US court keeps public out of hearing into death of Black Muslim man
A federal judge in the US state of Arizona ordered the public to be kept out of Tuesday's hearing regarding a $10m wrongful death lawsuit against the city of Phoenix and 10 of its police officers.
The lawsuit was filed by the family of Muhammad Muhaymin Jr, who died in 2017 while being pinned down by police, with one officer having his knee pressed down on Muhaymin's head and neck - as shown in police bodycam footage revealed last year.
The case has drawn comparisons with the police killing of George Floyd last year, and was revisited following the release of the bodycam footage.
The decision to seal the hearing and related court documents was criticised by rights groups and the family's attorney, who said that it makes it seem as if the city of Phoenix "has something to hide".
"The problem with policing is there's not enough transparency, which means that the community doesn't trust the police," David Chami, an attorney for Muhaymin's family, told Middle East Eye.
"And I think sealing these documents and this process, just helps to foster more mistrust of our judicial system."
Muslim Advocates, a civil rights group, condemned the decision and said the lawsuit was the "best chance for the public to see whether police can be held accountable for this violence".
"The abrupt, last-minute decision to seal this previously public hearing without explanation is outrageous," Scott Simpson, advocacy director at Muslim Advocates, said in a statement.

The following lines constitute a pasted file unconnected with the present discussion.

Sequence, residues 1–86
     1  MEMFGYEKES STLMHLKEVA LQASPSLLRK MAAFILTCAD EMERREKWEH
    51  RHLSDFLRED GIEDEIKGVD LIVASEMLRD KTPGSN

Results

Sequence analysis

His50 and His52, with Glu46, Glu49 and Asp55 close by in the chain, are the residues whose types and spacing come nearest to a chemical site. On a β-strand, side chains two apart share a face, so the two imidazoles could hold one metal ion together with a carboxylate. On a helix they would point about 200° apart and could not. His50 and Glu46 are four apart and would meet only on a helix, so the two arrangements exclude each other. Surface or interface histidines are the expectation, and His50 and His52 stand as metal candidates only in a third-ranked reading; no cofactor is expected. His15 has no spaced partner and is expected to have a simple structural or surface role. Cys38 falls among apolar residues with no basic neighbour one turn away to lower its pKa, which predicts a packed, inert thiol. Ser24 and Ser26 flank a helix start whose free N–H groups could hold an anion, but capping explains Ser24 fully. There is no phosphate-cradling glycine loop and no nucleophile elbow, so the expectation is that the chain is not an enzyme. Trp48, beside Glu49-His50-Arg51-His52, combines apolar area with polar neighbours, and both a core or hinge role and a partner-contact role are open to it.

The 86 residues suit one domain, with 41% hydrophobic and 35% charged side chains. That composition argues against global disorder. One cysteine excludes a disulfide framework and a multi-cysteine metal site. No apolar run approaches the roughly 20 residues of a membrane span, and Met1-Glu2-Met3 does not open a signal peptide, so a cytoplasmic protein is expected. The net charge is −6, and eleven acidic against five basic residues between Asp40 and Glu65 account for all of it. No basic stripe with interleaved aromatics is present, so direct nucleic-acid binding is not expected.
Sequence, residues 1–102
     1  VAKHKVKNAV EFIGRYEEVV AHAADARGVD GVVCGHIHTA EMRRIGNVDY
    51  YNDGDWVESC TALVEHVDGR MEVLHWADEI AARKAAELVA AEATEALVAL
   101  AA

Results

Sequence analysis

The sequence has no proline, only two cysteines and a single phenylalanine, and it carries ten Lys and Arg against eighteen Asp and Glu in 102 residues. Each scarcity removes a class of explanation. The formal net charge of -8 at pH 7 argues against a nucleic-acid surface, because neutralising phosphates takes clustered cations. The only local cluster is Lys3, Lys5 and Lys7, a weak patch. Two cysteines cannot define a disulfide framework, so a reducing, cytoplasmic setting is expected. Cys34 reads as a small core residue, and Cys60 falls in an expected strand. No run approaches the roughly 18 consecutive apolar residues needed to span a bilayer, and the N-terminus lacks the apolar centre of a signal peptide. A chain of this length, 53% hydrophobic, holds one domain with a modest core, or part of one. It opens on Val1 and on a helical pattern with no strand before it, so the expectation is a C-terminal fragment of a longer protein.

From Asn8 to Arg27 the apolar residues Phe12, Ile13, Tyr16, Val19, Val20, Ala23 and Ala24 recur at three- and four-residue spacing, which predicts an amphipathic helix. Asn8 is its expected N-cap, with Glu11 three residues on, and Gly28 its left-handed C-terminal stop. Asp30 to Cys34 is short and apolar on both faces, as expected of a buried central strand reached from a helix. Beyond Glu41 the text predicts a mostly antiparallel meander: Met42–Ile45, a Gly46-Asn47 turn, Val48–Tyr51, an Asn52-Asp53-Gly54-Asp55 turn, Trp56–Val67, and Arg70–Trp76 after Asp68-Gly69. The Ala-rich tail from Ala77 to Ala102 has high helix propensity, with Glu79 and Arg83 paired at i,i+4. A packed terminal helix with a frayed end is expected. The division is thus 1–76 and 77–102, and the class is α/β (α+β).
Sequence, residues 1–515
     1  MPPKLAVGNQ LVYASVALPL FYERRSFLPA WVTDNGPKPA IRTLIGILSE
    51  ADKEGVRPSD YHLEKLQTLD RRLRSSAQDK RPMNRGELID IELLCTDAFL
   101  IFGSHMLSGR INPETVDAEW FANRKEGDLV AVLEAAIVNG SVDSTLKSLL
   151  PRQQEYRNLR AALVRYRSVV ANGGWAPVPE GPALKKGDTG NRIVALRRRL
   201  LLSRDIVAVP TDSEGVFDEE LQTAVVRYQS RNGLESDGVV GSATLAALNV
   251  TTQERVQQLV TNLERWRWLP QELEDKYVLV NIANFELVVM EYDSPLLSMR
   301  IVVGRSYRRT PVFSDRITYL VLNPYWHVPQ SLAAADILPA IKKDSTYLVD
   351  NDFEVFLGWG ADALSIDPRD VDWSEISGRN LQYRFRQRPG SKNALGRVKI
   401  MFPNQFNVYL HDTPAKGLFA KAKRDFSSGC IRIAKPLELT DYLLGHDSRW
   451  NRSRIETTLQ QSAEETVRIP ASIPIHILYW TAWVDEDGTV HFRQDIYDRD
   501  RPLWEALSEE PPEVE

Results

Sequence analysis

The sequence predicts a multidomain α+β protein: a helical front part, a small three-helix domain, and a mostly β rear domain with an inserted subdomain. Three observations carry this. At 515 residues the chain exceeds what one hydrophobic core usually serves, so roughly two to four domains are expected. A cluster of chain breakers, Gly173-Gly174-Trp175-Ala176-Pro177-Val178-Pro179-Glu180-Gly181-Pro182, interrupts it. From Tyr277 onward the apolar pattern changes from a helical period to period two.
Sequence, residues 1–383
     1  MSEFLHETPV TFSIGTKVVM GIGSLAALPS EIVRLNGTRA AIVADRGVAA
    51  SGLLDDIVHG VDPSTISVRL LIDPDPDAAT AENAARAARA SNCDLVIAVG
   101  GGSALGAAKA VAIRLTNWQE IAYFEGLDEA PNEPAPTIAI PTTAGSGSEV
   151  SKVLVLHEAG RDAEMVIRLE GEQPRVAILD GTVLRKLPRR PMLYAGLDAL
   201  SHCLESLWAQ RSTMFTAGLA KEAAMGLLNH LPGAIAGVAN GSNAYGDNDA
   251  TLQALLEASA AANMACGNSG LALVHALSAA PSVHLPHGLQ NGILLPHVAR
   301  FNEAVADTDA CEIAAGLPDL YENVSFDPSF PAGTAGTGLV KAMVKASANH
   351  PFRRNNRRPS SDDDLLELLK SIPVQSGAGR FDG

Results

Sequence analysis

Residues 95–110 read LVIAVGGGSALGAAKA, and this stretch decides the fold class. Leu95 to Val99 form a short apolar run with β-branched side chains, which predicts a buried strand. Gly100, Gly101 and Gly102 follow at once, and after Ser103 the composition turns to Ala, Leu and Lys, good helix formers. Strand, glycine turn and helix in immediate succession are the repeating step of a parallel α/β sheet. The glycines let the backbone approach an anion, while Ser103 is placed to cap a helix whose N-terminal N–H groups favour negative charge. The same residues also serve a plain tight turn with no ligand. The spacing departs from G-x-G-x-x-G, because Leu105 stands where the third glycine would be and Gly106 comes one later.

"The people of Phoenix and the public have a clear interest in the facts of this case and it's deeply troubling that the court wants these proceedings to happen behind closed doors."
The incident in Phoenix began when the 43-year-old Muhaymin - a Muslim man who was living with Schizophrenia and who struggled with intermittent homelessness - tried to carry his service dog into the public restroom of a community service centre.
After an argument with the centre's management over allowing the dog to enter the bathroom, the police were called.
While the police initially allowed Muhaymin to enter the bathroom, officers conducted a background check and found a warrant on his record for failing to appear in court.
After returning from the bathroom, officers tried to arrest him and at least four officers ended up on top of him, pinning him down. Within eight minutes, he was dead.
In the footage, one officer can be heard responding to Muhaymin's pleas for help, saying "Allah? He's not going to help you right now."
Simpson told Middle East Eye that Muhaymin's family had been attempting to seek justice and accountability over the death at the county, city, and now federal level, but so far had been denied at every turn.
All the officers involved in the incident remained working in the police department, and one was promoted, according to Simpson - who said he last checked several months ago.
"All we want is our day in court and an opportunity to look at the people who killed Muhammad in the eye and ask them why," Mussalina, Muhaymin's sister, said in a statement last week.
"We're not willingly choosing to relive the worst day of our lives over and over again for profit or fame. We’re fighting for accountability and to make sure that the city of Phoenix and the Phoenix Police Department know that they can’t let this happen ever again."
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